Starbucks Dips Toe in Web Waters for World Water Day

Today is World Water Day, and Starbucks’ bottled water brand Ethos has run an integrated campaign to raise awareness of the UN-designated annual event. The coffee purveyor, often referred to as a good corporate citizen, has created a Web site and placed ads on NYTimes.com to promote its WWD 2006 efforts. The site’s search visibility, however, is lacking.

Starbucks held walks today in 11 U.S. cities including Atlanta, Detroit, Los Angeles, New York, Seattle, and Washington, D.C. to help raise consciousness about the lack of accessibility to potable water across the globe. The idea is to have people trek two or three miles in solidarity with the people who have to do the same each day to get water. The effort could also help Starbucks boost its brand image with consumers concerned about the issue.

According to Ethos Water founder Jonathan Greenblatt, run-of-site ads promoting the walks ran on NYTimes.com over the past week, reinforcing a series of full-page print ads placed in the print edition. The Web ads linked to The WorldWaterDay2006.com site. Launched March 1, the site features educational information and allows visitors to send customized e-cards to alert friends to the issue, as well as sign up to participate in a walk. Users could also grab code to run display ads on their own sites.

The primary mission of the campaign, said Greeblatt, is to get the word out about the world’s water crisis. “It’s just sharing the information, that’s a big part of it,” he added.

People who could not (or chose not to) walk in the physical sense could do so virtually by registering their names on the site, which were to be carried in symbolic vessels by people participating in the actual walks. According to Greenblatt, about 2,000 people participated in today’s walks, and about 2,000 signed up on the site to add their names as virtual walkers.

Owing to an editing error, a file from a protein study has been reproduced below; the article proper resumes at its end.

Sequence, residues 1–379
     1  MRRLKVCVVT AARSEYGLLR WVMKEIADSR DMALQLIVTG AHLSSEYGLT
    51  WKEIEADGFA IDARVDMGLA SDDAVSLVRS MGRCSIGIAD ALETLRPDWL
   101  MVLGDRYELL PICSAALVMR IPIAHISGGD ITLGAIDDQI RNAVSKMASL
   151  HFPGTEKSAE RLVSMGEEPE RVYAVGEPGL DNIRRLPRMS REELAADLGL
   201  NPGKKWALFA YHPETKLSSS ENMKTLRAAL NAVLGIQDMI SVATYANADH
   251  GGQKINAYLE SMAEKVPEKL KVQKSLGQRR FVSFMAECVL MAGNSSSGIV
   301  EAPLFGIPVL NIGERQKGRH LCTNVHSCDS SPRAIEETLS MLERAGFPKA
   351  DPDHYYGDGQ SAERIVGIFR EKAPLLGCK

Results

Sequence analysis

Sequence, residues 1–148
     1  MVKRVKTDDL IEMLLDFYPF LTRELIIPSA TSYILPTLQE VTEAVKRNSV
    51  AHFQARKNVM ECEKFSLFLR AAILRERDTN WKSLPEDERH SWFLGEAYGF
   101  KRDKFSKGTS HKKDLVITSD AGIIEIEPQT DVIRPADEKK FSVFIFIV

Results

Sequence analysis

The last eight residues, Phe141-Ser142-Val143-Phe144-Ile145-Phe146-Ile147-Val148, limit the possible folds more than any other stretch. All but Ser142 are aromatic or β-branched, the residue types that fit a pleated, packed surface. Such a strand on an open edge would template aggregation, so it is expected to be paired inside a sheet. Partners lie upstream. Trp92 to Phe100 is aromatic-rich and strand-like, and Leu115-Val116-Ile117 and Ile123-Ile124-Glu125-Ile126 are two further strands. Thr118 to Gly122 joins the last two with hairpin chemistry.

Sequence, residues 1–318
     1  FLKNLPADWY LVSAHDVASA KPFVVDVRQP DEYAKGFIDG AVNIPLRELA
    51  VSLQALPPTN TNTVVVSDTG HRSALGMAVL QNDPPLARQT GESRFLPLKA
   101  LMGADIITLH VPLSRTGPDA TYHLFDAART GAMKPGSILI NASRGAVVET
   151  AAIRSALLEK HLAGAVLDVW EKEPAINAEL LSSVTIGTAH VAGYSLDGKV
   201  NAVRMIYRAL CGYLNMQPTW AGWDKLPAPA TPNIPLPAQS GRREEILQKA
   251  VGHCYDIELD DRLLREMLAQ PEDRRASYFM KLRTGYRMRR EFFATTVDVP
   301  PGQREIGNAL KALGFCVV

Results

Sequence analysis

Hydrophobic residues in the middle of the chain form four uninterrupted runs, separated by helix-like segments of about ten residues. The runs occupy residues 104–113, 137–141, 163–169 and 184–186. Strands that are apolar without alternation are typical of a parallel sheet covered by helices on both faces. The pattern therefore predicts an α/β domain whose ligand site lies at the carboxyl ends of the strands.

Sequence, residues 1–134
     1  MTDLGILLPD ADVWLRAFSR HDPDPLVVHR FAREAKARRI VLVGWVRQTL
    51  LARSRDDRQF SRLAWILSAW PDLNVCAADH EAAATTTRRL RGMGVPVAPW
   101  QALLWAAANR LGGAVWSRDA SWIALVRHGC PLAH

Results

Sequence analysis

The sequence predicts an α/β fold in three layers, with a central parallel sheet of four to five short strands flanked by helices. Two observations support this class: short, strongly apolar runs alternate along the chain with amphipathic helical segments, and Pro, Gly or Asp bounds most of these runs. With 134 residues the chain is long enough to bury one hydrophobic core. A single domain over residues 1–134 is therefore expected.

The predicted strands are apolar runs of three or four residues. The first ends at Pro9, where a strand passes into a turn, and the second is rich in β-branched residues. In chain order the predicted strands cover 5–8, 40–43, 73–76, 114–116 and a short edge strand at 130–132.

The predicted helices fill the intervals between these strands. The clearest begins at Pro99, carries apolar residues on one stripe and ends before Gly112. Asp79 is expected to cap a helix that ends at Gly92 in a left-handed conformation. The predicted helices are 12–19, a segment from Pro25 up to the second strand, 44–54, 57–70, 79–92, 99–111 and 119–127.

Starbucks sent emails to holders of its quick payment cards, as well as Ethos.com registrants, to promote the project, while nonprofit partners of the campaign alerted their registrants to the events via email newsletters. Nonprofit partners include Water for People, UNICEF and WaterAid.

One area in which the site hasn’t been successful is search. Although numerous links to other WWD-related Web sites appear in searches on MSN, Yahoo and Google, users will be hard-pressed to find the Starbucks-affiliated site in their search results. In searches on Yahoo and MSN for “world water day” and “water day,” no links to the site were found in organic or paid results. One link to the site was displayed midway down the second page of results when searching Google for “water day,” and none appeared in the initial three Google results pages when searching for “world water day.” Paid and organic listings linking to a host of other groups promoting WWD, however, flood Google, MSN and Yahoo results pages.

Perhaps providing more impact, Starbucks has placed signage in its thousands of U.S. retail outlets to promote the event. Starbucks contributes $0.05 to the Ethos Water Fund for each bottle of Ethos water sold in its U.S. stores; the money goes towards supporting nonprofits that aim to end world water problems. Starbucks acquired Ethos last year.

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